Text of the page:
Apple regains second place slot from Xiaomi in Q3 2021

The smartphone market has been in a bit of flux in the past year and a half. In addition to the COVID-19 pandemic, Huawei's exodus from the world's top five vendors has caused a shift in the grand order of things. The industry is now facing another major disruption that could last it well into 2022, but, at least based on one market analyst's figures, Apple has been able to take advantage of the situation and regain its place as the world's second-biggest smartphone maker.

The global smartphone market declined by 6% in the third quarter of 2021 compared to the same period last year. That probably shouldn't come as much as a surprise considering the events of the past 12 months. Demand for smartphones may have finally slowed down by now, even while demand for PCs continues to rise, even if more slowly.

And then there's the issue of supplying enough smartphones to the market. According to Canalys, the "chipset famine" has arrived, forcing both semiconductor manufacturers and phone makers to scramble to minimize losses and increased costs. Foundries are even raising prices in order to discourage the practice of over-ordering chips just to get priority on the production lines. Meanwhile, smartphone vendors are also making last-minute adjustments to their order quantities and even their device specs, adding to the chaos.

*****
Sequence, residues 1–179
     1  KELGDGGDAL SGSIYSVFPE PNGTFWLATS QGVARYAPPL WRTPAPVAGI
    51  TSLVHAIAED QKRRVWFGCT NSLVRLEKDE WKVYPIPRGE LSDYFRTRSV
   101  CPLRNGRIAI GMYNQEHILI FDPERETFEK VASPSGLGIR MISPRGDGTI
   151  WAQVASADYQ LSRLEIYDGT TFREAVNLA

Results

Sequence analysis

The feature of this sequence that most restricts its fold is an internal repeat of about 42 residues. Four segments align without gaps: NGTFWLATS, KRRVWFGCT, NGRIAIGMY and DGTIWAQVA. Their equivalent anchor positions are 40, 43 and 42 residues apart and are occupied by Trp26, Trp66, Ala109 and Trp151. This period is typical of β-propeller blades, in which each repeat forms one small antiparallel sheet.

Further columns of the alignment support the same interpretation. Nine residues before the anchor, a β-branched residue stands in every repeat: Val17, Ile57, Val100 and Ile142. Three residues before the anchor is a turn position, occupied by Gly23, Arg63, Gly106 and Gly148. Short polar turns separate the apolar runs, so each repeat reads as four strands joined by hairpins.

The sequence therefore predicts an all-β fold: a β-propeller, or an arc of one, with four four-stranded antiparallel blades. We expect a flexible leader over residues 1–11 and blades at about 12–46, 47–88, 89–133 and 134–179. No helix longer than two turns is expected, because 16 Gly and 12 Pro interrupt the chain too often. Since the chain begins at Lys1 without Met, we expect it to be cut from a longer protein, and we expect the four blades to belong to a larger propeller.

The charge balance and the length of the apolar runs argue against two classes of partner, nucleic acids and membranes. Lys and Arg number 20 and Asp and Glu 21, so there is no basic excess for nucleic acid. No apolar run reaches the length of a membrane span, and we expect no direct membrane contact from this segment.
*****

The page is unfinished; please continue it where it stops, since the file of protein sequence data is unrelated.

Despite and in spite of all that, Apple was the clear winner in the last three months that ended in September 2021. While its growth from 12% to 15% looks small, it was enough to push Xiaomi back down to third place after seeing no growth for its 14% share of the market pie. Samsung also remained at 23% in year-on-year growth, while both vivo and OPPO stepped up a bit by 1%.

Unfortunately, the market analysis company doesn't have encouraging words for the smartphone industry, predicting a shortage that will last well into 2022. The uncertainty in supply and demand is even causing manufacturers, vendors, and retail channels to look toward the upcoming sales holidays with nervousness rather than the excited anticipation they usually have each year.